Desenvolvimento longitudinal do andar para frente e para trás: Impacto da restrição ambiental
Alternative titleLongitudinal development of forward and backward walking: Impact of environmental constraints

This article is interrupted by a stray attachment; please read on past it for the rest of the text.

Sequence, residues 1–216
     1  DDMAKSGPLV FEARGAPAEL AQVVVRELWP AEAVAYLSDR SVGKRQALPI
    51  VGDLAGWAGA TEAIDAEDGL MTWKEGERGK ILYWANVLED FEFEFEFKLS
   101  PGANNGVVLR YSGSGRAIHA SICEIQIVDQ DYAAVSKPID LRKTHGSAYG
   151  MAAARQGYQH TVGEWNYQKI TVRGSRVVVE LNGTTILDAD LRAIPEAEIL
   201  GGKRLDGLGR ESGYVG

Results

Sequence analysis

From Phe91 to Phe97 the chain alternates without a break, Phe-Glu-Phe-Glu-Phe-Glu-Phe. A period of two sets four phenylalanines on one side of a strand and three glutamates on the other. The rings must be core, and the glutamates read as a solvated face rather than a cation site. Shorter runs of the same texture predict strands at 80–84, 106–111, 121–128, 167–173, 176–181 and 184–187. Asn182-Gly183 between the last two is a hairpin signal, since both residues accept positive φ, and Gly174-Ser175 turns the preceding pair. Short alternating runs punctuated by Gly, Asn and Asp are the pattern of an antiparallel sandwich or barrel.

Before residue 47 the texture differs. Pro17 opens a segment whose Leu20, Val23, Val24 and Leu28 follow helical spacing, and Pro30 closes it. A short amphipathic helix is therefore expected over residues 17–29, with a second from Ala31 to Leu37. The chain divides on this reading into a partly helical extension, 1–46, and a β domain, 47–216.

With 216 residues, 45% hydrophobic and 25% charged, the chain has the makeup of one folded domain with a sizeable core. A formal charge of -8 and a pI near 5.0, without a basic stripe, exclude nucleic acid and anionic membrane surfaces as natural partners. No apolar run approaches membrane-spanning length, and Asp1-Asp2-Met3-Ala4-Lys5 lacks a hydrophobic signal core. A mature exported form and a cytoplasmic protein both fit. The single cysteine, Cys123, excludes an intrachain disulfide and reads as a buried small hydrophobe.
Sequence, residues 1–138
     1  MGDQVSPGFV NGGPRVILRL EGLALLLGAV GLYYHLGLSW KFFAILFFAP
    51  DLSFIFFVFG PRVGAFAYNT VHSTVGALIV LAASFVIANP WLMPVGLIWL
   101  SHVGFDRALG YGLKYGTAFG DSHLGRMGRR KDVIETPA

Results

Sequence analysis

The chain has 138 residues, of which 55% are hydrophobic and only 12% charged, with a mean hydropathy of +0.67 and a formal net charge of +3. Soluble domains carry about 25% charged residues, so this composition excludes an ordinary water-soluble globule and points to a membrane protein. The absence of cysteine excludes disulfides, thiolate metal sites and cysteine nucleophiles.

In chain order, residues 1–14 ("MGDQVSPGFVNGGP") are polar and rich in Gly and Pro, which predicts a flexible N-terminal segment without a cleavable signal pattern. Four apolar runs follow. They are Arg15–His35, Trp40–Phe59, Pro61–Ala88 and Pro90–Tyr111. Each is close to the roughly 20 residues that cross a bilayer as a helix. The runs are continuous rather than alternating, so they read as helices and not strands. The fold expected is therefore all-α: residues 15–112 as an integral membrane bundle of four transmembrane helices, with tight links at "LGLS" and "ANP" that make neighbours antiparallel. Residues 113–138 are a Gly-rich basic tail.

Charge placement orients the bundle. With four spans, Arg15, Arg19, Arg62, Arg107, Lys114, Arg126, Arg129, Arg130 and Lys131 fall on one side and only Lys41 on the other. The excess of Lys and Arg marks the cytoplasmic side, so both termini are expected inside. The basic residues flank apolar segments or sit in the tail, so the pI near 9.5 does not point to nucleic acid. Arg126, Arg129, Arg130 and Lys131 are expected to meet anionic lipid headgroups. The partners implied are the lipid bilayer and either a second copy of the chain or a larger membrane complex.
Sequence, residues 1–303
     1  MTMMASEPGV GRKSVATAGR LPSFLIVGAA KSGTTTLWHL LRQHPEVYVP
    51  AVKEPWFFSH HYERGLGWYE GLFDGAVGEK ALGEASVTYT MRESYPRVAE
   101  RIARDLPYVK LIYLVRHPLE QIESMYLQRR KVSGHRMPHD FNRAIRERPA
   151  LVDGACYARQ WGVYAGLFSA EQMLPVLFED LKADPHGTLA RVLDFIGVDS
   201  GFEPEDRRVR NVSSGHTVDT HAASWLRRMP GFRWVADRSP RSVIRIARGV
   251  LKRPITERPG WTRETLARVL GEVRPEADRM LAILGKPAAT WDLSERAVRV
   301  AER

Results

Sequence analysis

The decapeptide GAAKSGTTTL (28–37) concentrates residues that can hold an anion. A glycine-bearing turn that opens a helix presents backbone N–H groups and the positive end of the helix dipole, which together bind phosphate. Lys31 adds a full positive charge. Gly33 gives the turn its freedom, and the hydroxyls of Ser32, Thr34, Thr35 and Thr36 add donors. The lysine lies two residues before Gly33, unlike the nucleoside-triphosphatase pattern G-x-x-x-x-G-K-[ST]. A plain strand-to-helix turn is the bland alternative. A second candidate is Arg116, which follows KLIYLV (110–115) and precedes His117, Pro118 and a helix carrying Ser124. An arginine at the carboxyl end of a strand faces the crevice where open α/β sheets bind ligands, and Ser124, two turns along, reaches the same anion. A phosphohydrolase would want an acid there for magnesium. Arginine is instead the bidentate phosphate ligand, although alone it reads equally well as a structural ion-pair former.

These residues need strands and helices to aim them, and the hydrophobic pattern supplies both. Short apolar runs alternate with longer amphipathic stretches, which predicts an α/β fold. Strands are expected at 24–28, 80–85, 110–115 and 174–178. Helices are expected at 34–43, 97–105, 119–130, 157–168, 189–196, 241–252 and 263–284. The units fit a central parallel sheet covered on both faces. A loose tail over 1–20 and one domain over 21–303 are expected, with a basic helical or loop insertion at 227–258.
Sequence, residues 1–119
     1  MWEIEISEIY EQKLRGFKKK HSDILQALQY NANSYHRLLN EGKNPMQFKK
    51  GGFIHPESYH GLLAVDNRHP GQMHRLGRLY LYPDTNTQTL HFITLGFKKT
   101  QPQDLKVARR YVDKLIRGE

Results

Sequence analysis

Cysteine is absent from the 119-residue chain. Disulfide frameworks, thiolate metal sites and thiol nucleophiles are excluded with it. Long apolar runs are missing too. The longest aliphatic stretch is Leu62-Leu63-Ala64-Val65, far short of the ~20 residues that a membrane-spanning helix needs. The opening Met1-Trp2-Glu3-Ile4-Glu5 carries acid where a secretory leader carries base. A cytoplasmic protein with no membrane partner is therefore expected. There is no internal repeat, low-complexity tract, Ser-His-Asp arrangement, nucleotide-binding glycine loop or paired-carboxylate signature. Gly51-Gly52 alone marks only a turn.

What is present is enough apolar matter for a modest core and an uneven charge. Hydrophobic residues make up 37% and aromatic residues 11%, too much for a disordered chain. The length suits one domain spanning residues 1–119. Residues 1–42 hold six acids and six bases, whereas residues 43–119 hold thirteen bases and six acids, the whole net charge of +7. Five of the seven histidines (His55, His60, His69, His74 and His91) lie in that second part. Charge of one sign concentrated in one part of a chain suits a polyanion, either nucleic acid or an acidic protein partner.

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The purpose of this study was to investigate, through longitudinal observations, the onset and development of forward and backward walking in their temporal organization and the impact of environmental constraints. The second purpose was to verify the impact of environmental constraint caused by floor and padded surfaces on temporal parameters of infant gait. Seven infants began their participation in the study when they were able to walk with support, until they were able to walk forward independently. They were videotaped while walking forward and backward on a hard and soft padded surfaces. Their temporal organization was analyzed through intra-limb relative phase, duration of the walking cycle and duration of phases within the walking cycle. The results showed that the development of walking follows a linear trend and, at the transition phase, variability increases for intra-limb relative phase and duration of swing phase. Except for an increase on swing phase duration, backward walking imposes less change on temporal organization than forward walking. A padded surface was not enough to disrupt the duration of stepping cycles, but it did change the double support phase duration, increasing its variability. It was concluded that intra-limb relative phase of infants was similar to mature walking; variability reduced as the infants evolved in the study. The padded surface did not impact the relative phases, however, it was able to change the time in double support. Infants increase the duration of the forward walking cycles in comparison to backward walking.